- The Washington Times - Tuesday, September 10, 2013

President Obama‘s reversal of fortunes over Syria sparked Twitter posts from Washington to Moscow, as foreign policy analysts Tuesday tried to follow the latest twist in the accidental diplomacy at the White House.

Secretary of State John F. Kerry‘s offhand comment Monday morning that Syria turn over its chemical weapons to international control turned into a formal proposal by Russian Foreign Minister Sergey Lavrov on Monday afternoon. Mr. Obama suddenly stopped beating the war drums — just as he was facing a likely embarrassment in Congress, where opposition is strong against his call to arms to punish Syrian President Bashar Assad for a gas attack on Aug. 21.

Former State Department spokesman P.J. Crowley called the development possible progress.

“I see it as a positive if the Russians are serious — and that’s a big ‘If,’” he said. “Will the Syrians cooperate, and will the Russians lean on the Syrians to cooperate?”

Mr. Crowley added that much depends on whether the scheme is adopted as a U.N. Security Council resolution that sets requirements on Syria to open its chemical weapons sites to international inspectors and to lead to the eventual destruction of the lethal stockpiles.

Ivo Daadler, a former U.S. ambassador to NATO, tweeted that the Russian plan is worth considering, but added that “the threat of force remains [the] key to success.”

British Foreign Secretary William J. Hague viewed Moscow’s proposal skeptically, warning that Syria could be throwing up a “distraction.”

“Assad has consistently failed to match promises with actions,” he tweeted.

The Washington-based Council on Foreign Relations was so suspicious that it awarded its quote of the day to Sen. Lindsey Graham, South Carolina Republican: “The fear is it’s a delaying tactic and the Russians are playing us like a fiddle.”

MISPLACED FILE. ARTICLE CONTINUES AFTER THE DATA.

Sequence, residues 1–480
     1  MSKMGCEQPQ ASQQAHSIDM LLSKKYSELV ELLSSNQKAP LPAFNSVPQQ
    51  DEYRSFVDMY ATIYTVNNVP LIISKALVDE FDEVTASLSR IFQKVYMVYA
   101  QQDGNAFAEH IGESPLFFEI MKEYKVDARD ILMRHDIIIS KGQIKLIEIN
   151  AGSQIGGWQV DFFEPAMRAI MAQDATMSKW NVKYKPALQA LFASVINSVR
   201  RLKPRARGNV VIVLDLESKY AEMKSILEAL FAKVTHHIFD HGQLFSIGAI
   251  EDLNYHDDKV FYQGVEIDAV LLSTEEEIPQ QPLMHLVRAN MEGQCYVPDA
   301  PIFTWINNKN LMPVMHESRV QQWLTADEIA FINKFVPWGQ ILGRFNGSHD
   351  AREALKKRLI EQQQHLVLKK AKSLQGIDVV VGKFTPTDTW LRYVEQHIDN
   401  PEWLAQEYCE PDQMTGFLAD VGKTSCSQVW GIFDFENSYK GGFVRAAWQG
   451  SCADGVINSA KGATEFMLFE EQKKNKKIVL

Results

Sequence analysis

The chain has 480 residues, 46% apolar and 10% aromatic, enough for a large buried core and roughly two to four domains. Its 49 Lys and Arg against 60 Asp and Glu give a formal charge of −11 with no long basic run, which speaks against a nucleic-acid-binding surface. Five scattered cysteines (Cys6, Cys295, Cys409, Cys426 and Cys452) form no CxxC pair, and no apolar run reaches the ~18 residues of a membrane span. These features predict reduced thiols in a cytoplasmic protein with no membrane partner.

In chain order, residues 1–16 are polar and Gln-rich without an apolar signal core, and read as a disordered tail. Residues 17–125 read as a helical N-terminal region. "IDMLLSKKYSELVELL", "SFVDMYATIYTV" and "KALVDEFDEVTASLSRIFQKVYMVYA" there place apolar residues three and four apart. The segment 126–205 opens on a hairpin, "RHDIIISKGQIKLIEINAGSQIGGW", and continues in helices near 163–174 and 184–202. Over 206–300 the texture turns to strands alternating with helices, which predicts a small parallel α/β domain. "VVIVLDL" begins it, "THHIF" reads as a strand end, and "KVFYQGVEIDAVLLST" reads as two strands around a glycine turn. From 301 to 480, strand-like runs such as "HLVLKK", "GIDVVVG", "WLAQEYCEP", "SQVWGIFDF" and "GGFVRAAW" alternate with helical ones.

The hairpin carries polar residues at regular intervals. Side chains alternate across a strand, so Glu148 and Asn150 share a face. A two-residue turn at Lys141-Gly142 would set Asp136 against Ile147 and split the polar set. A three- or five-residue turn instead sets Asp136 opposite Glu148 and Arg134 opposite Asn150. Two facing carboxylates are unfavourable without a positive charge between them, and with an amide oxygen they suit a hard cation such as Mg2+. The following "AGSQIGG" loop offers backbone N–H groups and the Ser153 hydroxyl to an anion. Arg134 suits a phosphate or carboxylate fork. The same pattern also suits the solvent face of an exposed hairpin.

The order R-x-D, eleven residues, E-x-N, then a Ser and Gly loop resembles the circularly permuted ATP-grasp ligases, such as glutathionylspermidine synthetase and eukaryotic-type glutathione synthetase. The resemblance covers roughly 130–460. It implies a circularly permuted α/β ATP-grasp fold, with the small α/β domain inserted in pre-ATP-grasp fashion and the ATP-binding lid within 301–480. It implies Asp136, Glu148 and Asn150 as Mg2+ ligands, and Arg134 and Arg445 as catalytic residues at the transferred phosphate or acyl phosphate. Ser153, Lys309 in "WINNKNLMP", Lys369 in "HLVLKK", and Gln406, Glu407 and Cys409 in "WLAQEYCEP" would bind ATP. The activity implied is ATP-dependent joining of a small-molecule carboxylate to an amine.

In Moscow, Alexei Pushkov, chairman of the parliament’s foreign affairs committee, appeared to confirm Mr. Graham’s anxiety. He tweeted that the Russian proposal “knocks the ground from under Obama’s plans for military strikes.”


U.S. Ambassador Anne W. Patterson left Cairo with a fiery letter to the editor of Al Ahram, accusing Egypt’s largest newspaper of spreading “absurd and dangerous” lies in an article that accused her of conspiring with the ousted Muslim Brotherhood-led government.

“Good journalism checks facts, scrutinizes sources and offers viewpoints. This article isn’t bad journalism; it isn’t journalism at all. It is fiction, serving only to misinform the Egyptian public,” she wrote to editor Abdel Nasser Salama. “Your article’s claim that I personally am involved in a conspiracy to divide and destabilize Egypt is absolutely absurd and dangerous.”

Mrs. Patterson noted that Al Ahram is a state-owned publication and questioned whether the article published in August reflected the view of the military-backed government that took over after ousting Islamist President Mohammed Morsi in July.

Al Ahram last week complained about her “mournful legacy” that she leaves to her successor after two years as U.S. ambassador in Egypt.

Reporter Ezzat Ibrahim criticized her for how “she meddled in Egyptian domestic politics” and for efforts to “help the Muslim Brotherhood avoid disaster.”

Many Egyptians denounced her as a Brotherhood puppet during protests that led to Mr. Morsi’s ouster.

“The mismanagement of U.S. diplomacy during Patterson’s time in Cairo is likely to affect the moves of future U.S. ambassadors to the country,” Mr. Ibrahim wrote.

Mrs. Patterson, a career diplomat, has returned to Washington, where she is awaiting Senate approval on her nomination to serve as assistant secretary of state for Near Eastern affairs.

Embassy Row is published on Mondays, Wednesdays and Fridays. James Morrison can be reached at jmorrison@washingtontimes.com or @EmbassyRow.

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